Modern kaleidoscopes are made of brass tubes, stained glass, wood, steel, gourds or almost any material an artist can use. The part containing objects to be viewed is called the 'object chamber' or 'object cell'. Object cells may contain almost any material. Sometimes the object cell is filled with a liquid so the items float and move through the object cell in response to a slight movement from the viewer.
Sir David Brewster began work leading towards invention of the kaleidoscope in 1815 when he was conducting experiments on light polarization, but it was not patented until two years later.  His initial design was a tube with pairs of mirrors at one end, pairs of translucent disks at the other, and beads between the two.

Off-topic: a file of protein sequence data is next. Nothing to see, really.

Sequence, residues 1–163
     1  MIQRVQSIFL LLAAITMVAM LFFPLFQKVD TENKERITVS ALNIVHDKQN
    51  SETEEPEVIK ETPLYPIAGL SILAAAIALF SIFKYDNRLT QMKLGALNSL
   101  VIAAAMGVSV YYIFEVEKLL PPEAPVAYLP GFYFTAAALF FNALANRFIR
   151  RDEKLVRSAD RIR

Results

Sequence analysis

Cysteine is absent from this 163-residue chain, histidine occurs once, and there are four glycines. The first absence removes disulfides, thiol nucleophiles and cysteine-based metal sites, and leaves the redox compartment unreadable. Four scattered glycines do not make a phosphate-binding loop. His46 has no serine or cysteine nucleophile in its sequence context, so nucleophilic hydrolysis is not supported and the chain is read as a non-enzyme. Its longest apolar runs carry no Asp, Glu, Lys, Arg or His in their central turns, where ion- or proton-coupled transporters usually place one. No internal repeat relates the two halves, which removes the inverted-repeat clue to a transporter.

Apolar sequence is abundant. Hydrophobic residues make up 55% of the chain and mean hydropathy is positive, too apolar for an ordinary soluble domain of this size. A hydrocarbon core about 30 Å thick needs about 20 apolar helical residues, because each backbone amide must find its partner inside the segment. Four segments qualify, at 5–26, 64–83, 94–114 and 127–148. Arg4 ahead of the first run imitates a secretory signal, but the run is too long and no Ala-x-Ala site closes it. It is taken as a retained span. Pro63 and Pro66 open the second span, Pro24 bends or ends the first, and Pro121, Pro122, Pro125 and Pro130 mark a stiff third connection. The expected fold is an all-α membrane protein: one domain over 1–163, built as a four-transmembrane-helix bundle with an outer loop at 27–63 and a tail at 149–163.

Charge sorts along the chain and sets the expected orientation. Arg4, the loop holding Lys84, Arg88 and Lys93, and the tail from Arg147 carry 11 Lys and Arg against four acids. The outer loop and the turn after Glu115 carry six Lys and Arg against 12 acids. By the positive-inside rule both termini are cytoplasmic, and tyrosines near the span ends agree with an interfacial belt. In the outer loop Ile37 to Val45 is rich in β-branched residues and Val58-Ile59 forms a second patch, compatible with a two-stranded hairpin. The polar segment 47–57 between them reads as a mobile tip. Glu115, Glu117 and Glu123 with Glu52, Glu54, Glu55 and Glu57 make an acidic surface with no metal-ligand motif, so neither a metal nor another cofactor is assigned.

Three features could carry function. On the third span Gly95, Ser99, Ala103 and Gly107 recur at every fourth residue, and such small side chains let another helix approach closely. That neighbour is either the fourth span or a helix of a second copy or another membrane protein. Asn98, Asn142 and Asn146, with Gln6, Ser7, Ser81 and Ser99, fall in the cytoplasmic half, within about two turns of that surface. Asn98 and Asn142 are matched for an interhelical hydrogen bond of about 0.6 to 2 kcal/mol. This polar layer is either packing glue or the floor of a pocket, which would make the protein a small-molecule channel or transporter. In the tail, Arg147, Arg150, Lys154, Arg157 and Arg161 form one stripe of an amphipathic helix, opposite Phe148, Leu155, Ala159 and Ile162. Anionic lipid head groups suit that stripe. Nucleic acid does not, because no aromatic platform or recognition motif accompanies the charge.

Brewster chose renowned achromatic lens developer Philip Carpenter as the sole manufacturer of the kaleidoscope in 1817. It proved to be a massive success with two hundred thousand kaleidoscopes sold in London and Paris in just three months. Realising that the company could not meet this level of demand, Brewster requested permission from Carpenter on 17 May 1818 for the device to be made by other manufacturers, to which he agreed.
Initially intended as a scientific tool, the kaleidoscope was later copied as a toy. Brewster later believed he would make money from this popular invention; however, a fault in his patent application allowed others to copy his invention.

Most kaleidoscopes are mass-produced from inexpensive materials, and intended as children's toys. At the other extreme are handmade pieces that display fine craftsmanship.